In all my days, I’ve yet to find something as straightforward yet effective as Answer the Public. In a neat chart/table combo, the system gives you a free list of all of the most searched terms related to the keyword you enter. 


I use this to choose longer-tail keywords or topics to connect to pillar content on our site and I find it absolutely irreplaceable. 

Soolve is a very similar solution, but much faster, more plainly formatted, and with fewer permutations. However, the tip that Soolve has on Answer the Public is that you can choose from a variety of search engines beyond Google to see the different results that come through including YouTube and Amazon. 


Useful for:

  • Event organisers who want more traffic to their content

To Source Some Hard Data

People don’t like reading conjecture. 70% of people are worried about fake news, and trust in almost any platform that delivers insight to an audience has decreased in recent years. 

With that, as writer, there comes a responsibility that means you can’t just make stuff up. However, sourcing statistics and factual analysis can be difficult if you have to go much deeper than a casual Google. 

So, to save you some time, here are 4 diverse sources of event-related information that you can use to bulk and un-bias your writing:

  1. EventMB
  2. Capterra
  3. Marketing Charts
  4. Statista (Note: some charts and research on Statista are premium, but many are available for free)

Useful for: 

  • Event organisers writing blog posts
  • Event organisers writing sponsorship and other proposals

To Add Some Visuals

Before I begin, I acknowledge that most people already have their favourite stock image site, but I thought shedding a light on one of the less talked about resources would be worthwhile.


Morgue File slips nicely into the intersection of “free pictures” and “pleasantly artistic” that a simple Shutterstock search (while comically weird, probably) can’t match.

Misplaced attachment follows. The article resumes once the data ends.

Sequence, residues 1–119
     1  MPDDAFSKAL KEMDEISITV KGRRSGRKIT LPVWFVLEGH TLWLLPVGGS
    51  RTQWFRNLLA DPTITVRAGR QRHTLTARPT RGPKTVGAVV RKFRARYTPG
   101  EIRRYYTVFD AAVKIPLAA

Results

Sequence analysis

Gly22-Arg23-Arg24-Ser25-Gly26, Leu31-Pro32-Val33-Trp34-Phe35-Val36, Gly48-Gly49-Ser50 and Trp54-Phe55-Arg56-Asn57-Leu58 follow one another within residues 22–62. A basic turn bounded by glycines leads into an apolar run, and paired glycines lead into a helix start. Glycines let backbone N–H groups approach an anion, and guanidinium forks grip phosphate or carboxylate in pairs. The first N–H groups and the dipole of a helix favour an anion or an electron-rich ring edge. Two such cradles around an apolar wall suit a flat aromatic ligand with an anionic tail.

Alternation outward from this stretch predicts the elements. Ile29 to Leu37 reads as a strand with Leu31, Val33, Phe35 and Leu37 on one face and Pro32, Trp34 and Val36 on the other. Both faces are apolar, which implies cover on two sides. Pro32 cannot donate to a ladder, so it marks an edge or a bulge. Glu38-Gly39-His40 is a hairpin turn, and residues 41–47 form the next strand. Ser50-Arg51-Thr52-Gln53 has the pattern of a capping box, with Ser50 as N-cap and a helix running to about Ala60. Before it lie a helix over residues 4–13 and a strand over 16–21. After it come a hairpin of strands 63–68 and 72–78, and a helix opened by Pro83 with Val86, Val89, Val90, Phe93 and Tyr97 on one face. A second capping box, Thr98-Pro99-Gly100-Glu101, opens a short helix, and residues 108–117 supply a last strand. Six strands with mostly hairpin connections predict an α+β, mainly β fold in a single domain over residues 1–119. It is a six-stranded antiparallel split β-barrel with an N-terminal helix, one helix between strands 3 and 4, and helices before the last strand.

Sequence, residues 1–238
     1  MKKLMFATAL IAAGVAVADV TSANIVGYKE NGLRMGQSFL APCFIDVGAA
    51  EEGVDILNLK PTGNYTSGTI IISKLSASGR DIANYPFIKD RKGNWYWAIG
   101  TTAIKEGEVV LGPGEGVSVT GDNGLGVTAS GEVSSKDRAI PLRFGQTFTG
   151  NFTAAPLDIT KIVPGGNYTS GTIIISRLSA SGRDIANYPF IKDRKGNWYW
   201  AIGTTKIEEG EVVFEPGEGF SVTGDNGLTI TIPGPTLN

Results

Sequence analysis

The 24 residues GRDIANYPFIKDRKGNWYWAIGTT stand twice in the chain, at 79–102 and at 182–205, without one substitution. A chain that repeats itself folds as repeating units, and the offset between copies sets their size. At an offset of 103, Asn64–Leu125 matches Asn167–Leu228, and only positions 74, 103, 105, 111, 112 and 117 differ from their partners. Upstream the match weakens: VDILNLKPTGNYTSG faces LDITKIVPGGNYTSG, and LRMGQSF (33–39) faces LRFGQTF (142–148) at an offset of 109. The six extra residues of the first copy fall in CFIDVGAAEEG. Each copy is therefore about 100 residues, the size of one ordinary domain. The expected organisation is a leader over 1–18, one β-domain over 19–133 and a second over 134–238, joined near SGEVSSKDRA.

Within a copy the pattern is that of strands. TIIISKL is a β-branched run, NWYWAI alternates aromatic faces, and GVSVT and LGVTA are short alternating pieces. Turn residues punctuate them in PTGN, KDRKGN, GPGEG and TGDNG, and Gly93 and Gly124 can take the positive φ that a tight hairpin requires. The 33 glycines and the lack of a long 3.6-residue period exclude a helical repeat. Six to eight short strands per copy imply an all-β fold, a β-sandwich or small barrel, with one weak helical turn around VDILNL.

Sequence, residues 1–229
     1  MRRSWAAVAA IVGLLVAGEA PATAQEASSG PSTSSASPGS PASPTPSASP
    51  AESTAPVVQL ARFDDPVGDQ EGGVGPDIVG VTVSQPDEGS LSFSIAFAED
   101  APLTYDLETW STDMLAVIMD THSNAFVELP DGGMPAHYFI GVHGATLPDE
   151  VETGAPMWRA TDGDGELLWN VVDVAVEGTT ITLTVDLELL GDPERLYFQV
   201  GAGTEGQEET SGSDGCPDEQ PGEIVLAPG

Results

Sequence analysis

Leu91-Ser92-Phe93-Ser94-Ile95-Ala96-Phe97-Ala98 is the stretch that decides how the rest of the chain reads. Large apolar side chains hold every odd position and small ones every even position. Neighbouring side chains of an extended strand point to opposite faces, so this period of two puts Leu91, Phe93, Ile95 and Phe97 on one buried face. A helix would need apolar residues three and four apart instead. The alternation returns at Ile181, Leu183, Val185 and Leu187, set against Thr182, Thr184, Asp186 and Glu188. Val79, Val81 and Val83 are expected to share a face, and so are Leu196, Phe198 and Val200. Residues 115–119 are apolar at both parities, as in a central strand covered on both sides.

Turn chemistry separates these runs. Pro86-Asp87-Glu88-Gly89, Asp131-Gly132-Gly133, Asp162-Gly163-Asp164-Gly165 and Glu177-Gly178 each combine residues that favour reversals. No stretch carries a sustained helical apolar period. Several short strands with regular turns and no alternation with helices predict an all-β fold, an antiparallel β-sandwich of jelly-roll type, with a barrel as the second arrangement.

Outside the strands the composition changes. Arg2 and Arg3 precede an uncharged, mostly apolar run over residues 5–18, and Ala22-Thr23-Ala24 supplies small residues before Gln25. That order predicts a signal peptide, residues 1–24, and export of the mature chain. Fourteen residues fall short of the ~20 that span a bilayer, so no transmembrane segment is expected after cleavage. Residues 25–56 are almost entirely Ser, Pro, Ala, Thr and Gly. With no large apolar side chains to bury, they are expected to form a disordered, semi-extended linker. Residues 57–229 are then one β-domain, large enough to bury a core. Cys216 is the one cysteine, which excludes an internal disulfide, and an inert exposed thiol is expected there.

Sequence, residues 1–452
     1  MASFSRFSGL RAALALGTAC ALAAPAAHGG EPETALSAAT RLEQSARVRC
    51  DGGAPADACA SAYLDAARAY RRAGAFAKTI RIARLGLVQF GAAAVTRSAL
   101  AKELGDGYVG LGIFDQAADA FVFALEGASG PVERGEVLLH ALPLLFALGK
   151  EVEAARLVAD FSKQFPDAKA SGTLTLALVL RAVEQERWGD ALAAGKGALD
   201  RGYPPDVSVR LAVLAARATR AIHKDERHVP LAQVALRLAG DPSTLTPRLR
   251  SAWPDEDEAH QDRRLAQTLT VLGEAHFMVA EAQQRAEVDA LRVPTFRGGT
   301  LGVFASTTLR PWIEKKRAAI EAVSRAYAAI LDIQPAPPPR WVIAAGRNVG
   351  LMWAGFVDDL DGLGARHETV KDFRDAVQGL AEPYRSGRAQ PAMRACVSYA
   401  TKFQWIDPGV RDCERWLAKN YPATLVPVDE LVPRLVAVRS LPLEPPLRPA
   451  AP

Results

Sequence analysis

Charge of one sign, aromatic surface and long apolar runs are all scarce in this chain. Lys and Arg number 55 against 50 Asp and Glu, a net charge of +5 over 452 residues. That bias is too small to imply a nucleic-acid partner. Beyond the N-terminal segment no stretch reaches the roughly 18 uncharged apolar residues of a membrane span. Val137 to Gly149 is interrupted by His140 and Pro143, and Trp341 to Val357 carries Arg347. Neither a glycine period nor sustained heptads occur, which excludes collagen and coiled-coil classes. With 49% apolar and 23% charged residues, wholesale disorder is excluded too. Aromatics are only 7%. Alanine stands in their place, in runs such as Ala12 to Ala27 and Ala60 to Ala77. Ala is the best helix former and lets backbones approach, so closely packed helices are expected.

The era of memes has also ushered in the era of event organisers being required to make dynamic imagery for their promotional assets. As well as being a less catchy era, it can also prove a headache to create visuals like this when you’re (frankly) not a designer. 


I use EZ Gif when I want to do a screencapture and embed it in our blog content. The beauty of EZ Gif is you can choose the frame rate and edit on the website simply by uploading a video version of what you want in gif form. This saves hours on learning and implementing the skills required to make a gif from scratch, while still giving the Event organiser the sublime satisfaction of being able to make a picture move. 

Useful for:

  • Event organisers writing blog posts
  • Event organisers writing emails
  • Event organisers working with social media

To Take the Edge Off

Writing can also be fun, you might be (un)surprised to hear.

I’ll let these last items speak for themselves, and – wishing you every success with your writing, let you get back to your work:

writing-resources-for-event-organisers new

Useful for:

  • Event organisers who are a little stressed out. (Read: any event organiser.)